Archive for January, 2010

The photo doesn’t do it justice, but I’ll post it anyway; because the Wolf Moon hung in the night sky, so close that I thought I could reach out and touch it. I tried, but it seemed that my expectations were a bit beyond my reach; so I just sat in its light on a brittle winter night and was drawn in by its beauty until the cold, alone, commanded my attention. I scurried in to warm myself by the fire and left the moon behind — or so I thought. What has become apparent in the last 24 hours is that although I failed to touch the moon, the moon did not fail to touch me.

I’ve always been a lover of moonlight, but in recent years, my relationship with that mirror in the sky has changed and grown until our friendship has become an intimate one. I suppose this is why I would be drawn outdoors in ten-degree weather with the hope of taking a picture and capturing the moment.  I understand now that there is a story to be told, and I will tell it to you soon.

This week has been a difficult one in our small community. A young teacher in Ivy’s school suddenly was gone — dying a week after being diagnosed with leukemia. These sorts of things shake folks all the way to their core. We don’t expect young people just to die. And so his fellow teachers, with their own mortality staring them right in the face, took on the task of comforting their students. Kids on the brink of entering adulthood have such wild emotions on a normal day that the loss of a teacher — the loss of their sense of immortality — unleashes a torrent of grief that is like no other. On Thursday it would have been Mr. Bender’s 35th birthday. The students, looking for a way to send birthday wishes, wore purple as a way of saying, “we remember.” ‘There is hope,’ I thought, when I heard of this gesture. What a kind sort of thing for our children to do! And I thought of the people I’ve loved who have gone before me, and I remembered the lessons I’ve learned from their passing. It is not our job to do something for the people who die. That is beyond our scope. It is our job to go on living and to teach our children how to sing in spite of their sadness. Goodbye, Mr. Bender. Your students will sing, because they will remember how much you loved life.

Only a couple of days ago, I was saying to my friend, Eileen, that we hadn’t had much rain or snow this winter. Well, we’ve had enough today to make up for months of dry weather! And here we are, still in January, and the temperature this morning was 57 degrees when I woke up at 5:30AM! What has me dancing in the rain? Well, for one thing, it’s kind of nice to have a little break from the brittle cold of winter. And then there’s that scent in the breeze. What is it? Spring! I know it’s not here to stay, but there’s just enough of the fresh smell of Spring today to remind us that winter won’t last forever. So dance away! Let the wind blow! Celebrate the seasons that remind us of how life is always changing. Dance!

“People usually consider walking on water or in thin air a miracle. But I think the real miracle is not to walk either on water or in thin air, but to walk on earth. Every day we are engaged in a miracle which we don’t even recognize: a blue sky, white clouds, green leaves, the black, curious eyes of a child — our own two eyes. All is a miracle.”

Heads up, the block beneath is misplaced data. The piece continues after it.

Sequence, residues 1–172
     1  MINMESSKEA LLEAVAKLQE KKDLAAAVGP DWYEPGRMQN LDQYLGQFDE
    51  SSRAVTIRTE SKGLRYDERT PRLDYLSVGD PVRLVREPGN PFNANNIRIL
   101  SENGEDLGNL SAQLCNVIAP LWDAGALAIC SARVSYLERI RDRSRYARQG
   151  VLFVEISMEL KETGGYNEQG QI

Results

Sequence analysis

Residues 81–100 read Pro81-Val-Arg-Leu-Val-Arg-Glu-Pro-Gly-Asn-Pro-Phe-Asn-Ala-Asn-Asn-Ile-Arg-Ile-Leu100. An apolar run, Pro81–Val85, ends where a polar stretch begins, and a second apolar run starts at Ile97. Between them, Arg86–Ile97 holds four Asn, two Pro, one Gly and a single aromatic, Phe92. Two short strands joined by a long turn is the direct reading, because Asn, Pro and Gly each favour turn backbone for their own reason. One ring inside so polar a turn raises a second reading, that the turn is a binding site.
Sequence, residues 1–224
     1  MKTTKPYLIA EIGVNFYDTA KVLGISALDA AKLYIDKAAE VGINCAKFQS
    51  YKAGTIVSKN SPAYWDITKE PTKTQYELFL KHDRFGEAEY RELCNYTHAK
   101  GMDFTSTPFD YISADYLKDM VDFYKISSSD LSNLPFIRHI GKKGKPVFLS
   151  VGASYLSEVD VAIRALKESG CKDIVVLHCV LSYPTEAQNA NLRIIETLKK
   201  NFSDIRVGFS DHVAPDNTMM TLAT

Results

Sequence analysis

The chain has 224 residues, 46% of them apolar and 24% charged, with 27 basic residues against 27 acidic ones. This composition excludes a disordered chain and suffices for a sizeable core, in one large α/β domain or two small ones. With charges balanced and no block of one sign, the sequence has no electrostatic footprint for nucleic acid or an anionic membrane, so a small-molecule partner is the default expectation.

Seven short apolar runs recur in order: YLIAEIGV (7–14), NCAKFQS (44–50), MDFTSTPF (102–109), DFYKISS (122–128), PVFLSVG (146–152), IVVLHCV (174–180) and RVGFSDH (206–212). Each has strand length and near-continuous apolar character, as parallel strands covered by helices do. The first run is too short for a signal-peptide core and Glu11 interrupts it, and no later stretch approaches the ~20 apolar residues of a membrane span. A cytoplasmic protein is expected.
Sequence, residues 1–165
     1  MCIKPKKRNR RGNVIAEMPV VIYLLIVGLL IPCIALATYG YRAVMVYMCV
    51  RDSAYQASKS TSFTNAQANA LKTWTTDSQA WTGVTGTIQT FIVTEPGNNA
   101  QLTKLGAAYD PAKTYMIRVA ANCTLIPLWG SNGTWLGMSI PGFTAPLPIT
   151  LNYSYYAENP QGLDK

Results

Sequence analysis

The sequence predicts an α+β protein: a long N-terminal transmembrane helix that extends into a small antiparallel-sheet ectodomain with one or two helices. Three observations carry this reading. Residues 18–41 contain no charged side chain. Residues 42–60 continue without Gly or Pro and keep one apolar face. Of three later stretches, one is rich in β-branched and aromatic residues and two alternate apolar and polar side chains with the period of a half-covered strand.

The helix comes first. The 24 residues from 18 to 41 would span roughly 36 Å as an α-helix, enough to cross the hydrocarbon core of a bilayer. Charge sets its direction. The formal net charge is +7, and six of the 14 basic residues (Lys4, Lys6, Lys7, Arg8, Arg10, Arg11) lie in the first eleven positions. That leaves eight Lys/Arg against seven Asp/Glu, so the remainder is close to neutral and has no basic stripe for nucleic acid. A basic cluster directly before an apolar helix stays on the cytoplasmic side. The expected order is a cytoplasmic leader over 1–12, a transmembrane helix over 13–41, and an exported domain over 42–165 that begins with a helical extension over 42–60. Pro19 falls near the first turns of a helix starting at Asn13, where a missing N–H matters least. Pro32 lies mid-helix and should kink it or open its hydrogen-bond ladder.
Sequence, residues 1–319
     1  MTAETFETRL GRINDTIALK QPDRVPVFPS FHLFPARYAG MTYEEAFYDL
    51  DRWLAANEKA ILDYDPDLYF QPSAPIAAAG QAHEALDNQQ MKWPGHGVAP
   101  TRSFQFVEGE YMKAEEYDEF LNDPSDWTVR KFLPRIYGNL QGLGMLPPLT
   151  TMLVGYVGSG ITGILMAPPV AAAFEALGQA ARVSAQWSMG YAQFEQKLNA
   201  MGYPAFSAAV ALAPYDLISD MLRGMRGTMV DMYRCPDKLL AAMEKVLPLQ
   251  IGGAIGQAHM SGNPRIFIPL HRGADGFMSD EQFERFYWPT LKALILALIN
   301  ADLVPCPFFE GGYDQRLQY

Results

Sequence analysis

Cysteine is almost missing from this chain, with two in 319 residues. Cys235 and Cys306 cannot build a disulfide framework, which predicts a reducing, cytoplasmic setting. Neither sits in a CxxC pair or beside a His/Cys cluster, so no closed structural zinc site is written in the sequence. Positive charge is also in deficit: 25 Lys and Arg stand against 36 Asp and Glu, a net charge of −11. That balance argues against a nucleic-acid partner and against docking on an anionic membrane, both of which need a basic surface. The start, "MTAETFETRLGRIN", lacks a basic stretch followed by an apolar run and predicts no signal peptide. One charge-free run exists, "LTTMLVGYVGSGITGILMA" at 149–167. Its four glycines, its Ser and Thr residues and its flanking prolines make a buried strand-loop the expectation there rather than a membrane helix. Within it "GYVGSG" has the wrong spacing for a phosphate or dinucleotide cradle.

— Thich Nhat Hanh

You hear people all the time talking about having SAD (Seasonal Affective Disorder). They miss the light of summer, and some fall into depression during the short days of winter. We tend to look for warmth and light in the outside world; and if that is our perspective, I suppose winter comes up short. The beauty of winter is that it sends us inward. If we can get beneath our own skin, our own flesh and blood, our own emotional response to life, we can find the place within that holds the Light that is our essence. The journey to access this light is much easier during the cold, dark days of winter. We are less distracted then than at more colorful times of the year. Take a break from the cold winter and find that place deep inside your own being. Let the Light radiate! Share warmth in your touch! Let light pour out through your eyes and in your words and bring hope to all you meet. Let your Light shine!

That title is for my grandson, Oskar — he knows the book!

Last night was an awesome drum circle sponsored by Lehigh Valley Drum Circle! There must have been 70+ people there, and all the funds from the circles (3 during the day) and auctions and raffles went to support Step By Step, a local agency that provides transitional and life skills services to young adults. How often do you get to have a great time and do some good all wrapped up in one package? My hands are still buzzing! Good times!

www.lvdrumcircle.com

Compassion

Came down

Landing softly

Like dew

Like a whisper

Of hope

That made

The land sparkle

In silence

And Peace.

© Pamela Stead Jones 2010

Ivy Christina arrived on the planet! She landed between the blizzard and the snowstorm, and our lives have never been the same since that day. It’s hard to believe that the time has flown by so quickly, and that tiny, helpless baby is now a beautiful young teen. We love you , Ivy — you’ve changed our lives in so many ways! Happy Birthday!

Kindness

Like falling rain

Brought life

To my soul.

Kindness

Like night breeze

Brought life

To my spirit.

Kindness

Like bread

Brought strength

To go on.

Kindness

Like wealth

Overflowed

In my wake.

© Pamela Stead Jones 2010

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